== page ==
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The way to win the argument is to ask your boss 'What if there were two
of these connectors?'
What would he do with 7 pin connectors? And if it works for two, why
On 20 February 2017 at 20:18 Ken Poshedly <poshedly -at- bellsouth -dot- net>
Here's a quickie.
I work for a manufacturer of a China-based, heavy construction
equipment. Now that's, REAL hardware.
Most of our source material is English-language stuff is right from
the company's offices in mainland China, where their
English-language skills are fair at best. The remainder of our
source material is what we here write IF we are lucky enough to have
the machine here on our premises for photos and inspection.
My American manager is a nice guy (about age 60, and I'm seven years
older) but he is not a true tech writer. He is an ex-Marine who had
written the technical stuff for a heavy equipment dealer where he
was employed for some years, and very proud of it. And he certainly
knows his stuff from a technical side of things. Absolutely. Many
times, he'll forward a Word document for me to format (we use
FrameMaker 11.0) that he has written and I'll usually find little
stuff to fix, but then he'll quibble with me about it. I usually
give in because he's the boss.
In today's document from him is the phrase "7 pin connector". My fix
was to simply add a hyphen to make it "7-pin connector". But he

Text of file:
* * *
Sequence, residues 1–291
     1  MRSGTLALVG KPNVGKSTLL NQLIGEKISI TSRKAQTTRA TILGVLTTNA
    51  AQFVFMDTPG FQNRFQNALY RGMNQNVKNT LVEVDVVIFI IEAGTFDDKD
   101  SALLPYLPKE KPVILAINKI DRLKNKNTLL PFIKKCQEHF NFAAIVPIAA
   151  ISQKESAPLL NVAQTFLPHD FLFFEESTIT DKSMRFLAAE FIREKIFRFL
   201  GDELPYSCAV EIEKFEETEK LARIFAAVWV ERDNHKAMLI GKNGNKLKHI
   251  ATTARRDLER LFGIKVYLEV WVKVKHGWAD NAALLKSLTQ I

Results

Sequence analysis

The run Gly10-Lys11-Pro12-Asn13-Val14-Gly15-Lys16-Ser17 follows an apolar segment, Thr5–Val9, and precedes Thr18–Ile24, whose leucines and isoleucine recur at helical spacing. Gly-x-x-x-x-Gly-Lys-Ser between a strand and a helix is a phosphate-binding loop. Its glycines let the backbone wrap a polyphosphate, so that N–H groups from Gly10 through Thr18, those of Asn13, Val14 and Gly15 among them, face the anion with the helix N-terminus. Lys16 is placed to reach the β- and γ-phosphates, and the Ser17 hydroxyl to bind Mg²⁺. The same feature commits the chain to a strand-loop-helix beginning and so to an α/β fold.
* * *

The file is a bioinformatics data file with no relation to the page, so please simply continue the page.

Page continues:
objected and I VERY diplomatically told him that in our industry, it
is common to take mechanics and other factory workers with oodles of
line experience and throw them in front of a keyboard to write the
manuals, thus the rough grammar, etc. And blindly copying what
somebody else wrote means replicating their errors (if any). He
agrees but says that he has NEVER seen various things that I show
him in any other tech manuals by other companies in this industry.
So what is the official rule for the use of hyphenated modifiers.
Like I said, this is VERY minor but good writing is supposed to be
correct in punctuation as well as word usage, etc. And this isn't
even a tech writing rule, but a punctuation rule that should apply
So if anyone has a website (ESPECIALLY a heavy construction
equipment website) that shows correct usage, or a website that
states the correct punctuation rules, I'd be much obliged.
Hopefully, I'll be able to reference it for future "things."
-- Ken in Atlanta
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